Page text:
Here’s a wee trip down memory lane, in this case the approach avenue from the north leading south up to the crest of the Hill of Tara, or Irish: Cnoc na Teamhrach. In Ireland. This spring.
The ancient chronicles discuss an over-large banqueting hall at this civic-ceremonial center, and for well over a century this sloping feature was long called the Teach Miodhchuarta, commonly translated as Banqueting Hall, but more precisely translated as circular house of the (mead-) feast. The chronicles date to far later than the Neolithic, but that doesn’t mean they don’t record information of earlier antiquity (presuming continuity).
While I’m sure there were over-large wooden buildings elsewhere on this hill, this wasn’t the banqueting hall of the legends.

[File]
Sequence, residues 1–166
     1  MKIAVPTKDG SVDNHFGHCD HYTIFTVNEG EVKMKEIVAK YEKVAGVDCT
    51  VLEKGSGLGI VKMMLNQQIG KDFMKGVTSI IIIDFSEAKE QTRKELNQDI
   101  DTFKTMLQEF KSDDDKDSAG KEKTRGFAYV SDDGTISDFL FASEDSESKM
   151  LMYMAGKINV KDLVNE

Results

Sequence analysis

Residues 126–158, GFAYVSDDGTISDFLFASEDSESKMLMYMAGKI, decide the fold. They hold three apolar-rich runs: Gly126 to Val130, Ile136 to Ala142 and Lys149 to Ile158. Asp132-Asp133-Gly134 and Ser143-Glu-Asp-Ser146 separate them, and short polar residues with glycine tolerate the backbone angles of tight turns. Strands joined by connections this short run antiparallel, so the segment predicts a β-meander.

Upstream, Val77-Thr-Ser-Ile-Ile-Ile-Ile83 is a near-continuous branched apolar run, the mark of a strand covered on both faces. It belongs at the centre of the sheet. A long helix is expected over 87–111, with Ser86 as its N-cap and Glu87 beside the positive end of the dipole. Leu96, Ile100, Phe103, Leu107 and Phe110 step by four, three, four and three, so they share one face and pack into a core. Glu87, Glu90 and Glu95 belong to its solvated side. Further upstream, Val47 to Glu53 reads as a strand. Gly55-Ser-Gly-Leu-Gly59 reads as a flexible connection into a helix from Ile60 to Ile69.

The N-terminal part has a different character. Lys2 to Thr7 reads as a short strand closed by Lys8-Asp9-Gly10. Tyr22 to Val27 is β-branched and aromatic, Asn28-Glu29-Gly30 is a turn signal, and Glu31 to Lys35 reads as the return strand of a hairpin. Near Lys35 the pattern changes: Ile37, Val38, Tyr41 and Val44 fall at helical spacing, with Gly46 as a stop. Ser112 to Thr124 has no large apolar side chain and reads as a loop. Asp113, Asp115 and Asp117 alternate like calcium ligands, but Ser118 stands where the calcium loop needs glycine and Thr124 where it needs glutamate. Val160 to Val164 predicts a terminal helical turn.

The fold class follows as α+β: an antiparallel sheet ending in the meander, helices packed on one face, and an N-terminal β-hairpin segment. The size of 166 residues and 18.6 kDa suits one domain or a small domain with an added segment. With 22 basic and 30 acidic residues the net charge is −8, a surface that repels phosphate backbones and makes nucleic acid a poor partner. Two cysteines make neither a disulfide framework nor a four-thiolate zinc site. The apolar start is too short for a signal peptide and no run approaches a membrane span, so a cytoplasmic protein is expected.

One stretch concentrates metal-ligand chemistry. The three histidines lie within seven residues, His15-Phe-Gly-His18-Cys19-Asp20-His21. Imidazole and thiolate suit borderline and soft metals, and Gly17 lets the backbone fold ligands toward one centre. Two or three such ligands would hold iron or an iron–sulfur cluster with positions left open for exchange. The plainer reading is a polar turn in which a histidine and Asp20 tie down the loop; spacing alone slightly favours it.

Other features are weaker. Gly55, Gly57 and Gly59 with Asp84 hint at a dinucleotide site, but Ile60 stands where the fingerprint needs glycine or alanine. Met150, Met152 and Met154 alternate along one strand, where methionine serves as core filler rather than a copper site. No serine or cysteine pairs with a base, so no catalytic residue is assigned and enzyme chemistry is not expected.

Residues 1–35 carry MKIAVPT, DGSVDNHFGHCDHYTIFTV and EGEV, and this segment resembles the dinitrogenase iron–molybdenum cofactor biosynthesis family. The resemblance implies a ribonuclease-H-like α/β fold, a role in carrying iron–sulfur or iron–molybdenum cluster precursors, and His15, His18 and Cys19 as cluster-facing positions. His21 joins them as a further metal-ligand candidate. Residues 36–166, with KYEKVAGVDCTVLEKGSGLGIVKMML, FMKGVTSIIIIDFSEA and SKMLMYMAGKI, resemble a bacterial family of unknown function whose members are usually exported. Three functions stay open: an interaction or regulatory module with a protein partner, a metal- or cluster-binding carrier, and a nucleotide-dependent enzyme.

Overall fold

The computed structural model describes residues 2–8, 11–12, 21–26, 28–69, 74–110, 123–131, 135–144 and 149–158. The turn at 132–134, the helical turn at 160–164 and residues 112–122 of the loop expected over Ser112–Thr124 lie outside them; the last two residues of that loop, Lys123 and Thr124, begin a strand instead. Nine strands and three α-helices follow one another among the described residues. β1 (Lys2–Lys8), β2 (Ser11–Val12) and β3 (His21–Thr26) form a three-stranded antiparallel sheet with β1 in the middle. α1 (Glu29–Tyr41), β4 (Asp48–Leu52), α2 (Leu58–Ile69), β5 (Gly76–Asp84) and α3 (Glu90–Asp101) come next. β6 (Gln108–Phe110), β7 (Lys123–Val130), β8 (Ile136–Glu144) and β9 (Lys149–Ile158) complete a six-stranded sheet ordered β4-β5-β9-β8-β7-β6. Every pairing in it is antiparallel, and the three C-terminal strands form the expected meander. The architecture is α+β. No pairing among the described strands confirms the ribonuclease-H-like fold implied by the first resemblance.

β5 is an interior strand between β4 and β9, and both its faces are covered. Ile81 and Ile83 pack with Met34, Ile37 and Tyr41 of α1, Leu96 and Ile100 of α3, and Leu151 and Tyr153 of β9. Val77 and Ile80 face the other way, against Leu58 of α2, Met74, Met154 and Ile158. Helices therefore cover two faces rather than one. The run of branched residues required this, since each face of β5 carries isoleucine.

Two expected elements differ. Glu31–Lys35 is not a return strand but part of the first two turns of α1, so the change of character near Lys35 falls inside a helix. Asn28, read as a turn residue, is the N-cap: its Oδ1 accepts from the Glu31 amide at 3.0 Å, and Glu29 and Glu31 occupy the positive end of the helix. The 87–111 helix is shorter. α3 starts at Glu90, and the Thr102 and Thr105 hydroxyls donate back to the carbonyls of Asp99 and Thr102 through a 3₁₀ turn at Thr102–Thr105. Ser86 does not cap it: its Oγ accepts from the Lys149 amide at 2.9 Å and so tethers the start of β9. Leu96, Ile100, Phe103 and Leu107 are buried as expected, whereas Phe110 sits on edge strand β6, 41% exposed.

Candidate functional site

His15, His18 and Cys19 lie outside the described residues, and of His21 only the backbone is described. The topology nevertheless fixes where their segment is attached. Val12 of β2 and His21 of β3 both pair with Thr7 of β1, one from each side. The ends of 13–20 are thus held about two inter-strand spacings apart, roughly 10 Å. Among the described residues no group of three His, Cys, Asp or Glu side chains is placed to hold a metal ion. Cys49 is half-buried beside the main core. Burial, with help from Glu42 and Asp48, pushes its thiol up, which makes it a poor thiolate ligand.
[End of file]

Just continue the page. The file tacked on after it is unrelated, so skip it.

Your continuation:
Some call this a cursus, a linear ritual complex of ditches and mounds that dates to the Neolithic period, and I’d accept that. The name derives from the linear Roman athletic race courses, which the Neolithic cursuses resemble, but to think the use is the same is inaccurate. Not for races. Avenue is a better label.
This hill is still a locus for rituals and ceremony. Here’s a St Patrick statue, and there’s an active cemetery and church honoring the saint on the hill-flank.
Okay. Enough Memory Lane.